We met people from every walk of life. Every time we turned a corner we encountered a new face with a story or idea to share. What we all found to be the most exciting was that we felt we were at the epicenter of a world exposition of ideas.
And we even had the opportunity to contribute our own ideas, in very diverse ways, such as at the launch of the extraordinary Better Life Index.
We think that the reason we were able to participate is because we portrayed a vision of progress that others could believe in. So, it’s important to realise where the OECD has come in its fifty young years, and where it is going next year, in the next decade and well into the future.
A university professor had told us: ‘Only ten years ago, the core function of such forums was to improve the finances of a select club of nations’. These past three days we have seen people excited about improving gender equality, the environment, and even measuring and improving the happiness of people around the globe.
The one over-riding vibe, however, is that the OECD is keen to break from its member country mould and allow its work to benefit billions of people. If this is not progress, then we don’t know what is.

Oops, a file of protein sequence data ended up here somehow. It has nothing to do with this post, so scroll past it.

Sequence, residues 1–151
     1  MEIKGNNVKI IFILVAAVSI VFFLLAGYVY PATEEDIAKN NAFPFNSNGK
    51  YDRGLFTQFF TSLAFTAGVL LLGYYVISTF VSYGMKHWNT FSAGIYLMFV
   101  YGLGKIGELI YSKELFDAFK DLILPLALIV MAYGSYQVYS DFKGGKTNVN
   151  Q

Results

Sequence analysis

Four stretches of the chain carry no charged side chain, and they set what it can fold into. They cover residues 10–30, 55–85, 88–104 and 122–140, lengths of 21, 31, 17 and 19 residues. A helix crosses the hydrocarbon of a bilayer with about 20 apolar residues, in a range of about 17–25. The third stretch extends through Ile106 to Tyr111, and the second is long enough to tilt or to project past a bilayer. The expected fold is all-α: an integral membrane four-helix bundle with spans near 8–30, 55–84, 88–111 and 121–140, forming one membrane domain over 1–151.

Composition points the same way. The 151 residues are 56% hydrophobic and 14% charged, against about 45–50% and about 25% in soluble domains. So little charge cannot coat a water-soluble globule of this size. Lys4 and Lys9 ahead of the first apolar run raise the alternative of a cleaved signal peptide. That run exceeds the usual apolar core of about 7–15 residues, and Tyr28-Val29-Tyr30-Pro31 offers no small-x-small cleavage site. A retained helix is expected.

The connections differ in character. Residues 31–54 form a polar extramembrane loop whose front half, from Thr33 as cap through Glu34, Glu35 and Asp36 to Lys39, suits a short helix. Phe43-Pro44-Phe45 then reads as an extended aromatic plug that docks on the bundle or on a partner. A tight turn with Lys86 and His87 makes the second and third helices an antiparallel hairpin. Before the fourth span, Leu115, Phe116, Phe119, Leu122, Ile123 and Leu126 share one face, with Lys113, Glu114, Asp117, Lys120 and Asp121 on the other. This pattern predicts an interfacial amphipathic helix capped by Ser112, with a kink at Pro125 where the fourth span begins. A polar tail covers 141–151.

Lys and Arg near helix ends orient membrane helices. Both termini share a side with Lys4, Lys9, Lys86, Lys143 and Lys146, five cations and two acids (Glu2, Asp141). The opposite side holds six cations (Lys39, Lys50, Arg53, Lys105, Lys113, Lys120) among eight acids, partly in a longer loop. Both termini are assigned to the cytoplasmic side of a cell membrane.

Until the next time!
Alina, Desiree, Hew, Javier, Stephanie and Vidhya
As we mentioned a few days ago on the Blog, this week marks the launch of the OECD’s brand new Your Better Life Index . A quick reminder: The Index is designed to let you compare and contrast the various factors that determine people’s well-being – not just GDP, but a much wider range of things like education, income, housing, security and so on.
The Index was launched this morning in Paris by OECD Secretary-General Angel Gurría l, who quoted Bob Kennedy, who in 1968 said of GNP – a more traditional economic measure – that it “does not allow for the health of our children, the quality of their education, or the joy of their play; it does not include the beauty of our poetry or the strength of our marriages, the intelligence of our public debate or the integrity of our public officials … It measures everything, in short, except that which makes life worthwhile.”
Danilo Türk, president Republic of Slovenia, spoke next and described the Better Life Index as a “very important and very precious present” from the OECD as it marks its 50th anniversary. He praised the Index’s “imagination and creativity,” and said he hoped it would help drive a rethinking of measuring progress: “I hope the quote from Kennedy will look obsolete in a few years’ time,” he added.